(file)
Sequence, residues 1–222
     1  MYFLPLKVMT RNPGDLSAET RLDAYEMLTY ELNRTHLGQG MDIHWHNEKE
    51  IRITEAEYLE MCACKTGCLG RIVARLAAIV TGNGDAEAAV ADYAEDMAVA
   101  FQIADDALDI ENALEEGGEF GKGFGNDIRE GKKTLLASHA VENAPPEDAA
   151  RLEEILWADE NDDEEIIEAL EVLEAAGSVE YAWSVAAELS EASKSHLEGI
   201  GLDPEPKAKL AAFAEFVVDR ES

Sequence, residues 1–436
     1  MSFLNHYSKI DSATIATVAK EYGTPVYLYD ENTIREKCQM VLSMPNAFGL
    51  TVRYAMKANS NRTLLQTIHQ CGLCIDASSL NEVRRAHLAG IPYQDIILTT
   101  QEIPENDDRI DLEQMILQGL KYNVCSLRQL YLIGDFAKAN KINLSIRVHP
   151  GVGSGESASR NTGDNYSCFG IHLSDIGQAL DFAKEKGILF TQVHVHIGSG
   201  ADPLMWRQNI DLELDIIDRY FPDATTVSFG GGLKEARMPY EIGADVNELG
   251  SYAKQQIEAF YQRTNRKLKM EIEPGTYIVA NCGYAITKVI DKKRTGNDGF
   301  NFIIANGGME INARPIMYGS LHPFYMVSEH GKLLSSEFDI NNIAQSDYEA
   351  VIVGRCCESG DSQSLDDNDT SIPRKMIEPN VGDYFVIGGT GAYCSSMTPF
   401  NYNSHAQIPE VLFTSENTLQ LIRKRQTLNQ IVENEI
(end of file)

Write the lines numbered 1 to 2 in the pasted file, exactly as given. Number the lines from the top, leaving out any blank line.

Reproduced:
Sequence, residues 1–222
     1  MYFLPLKVMT RNPGDLSAET RLDAYEMLTY ELNRTHLGQG MDIHWHNEKE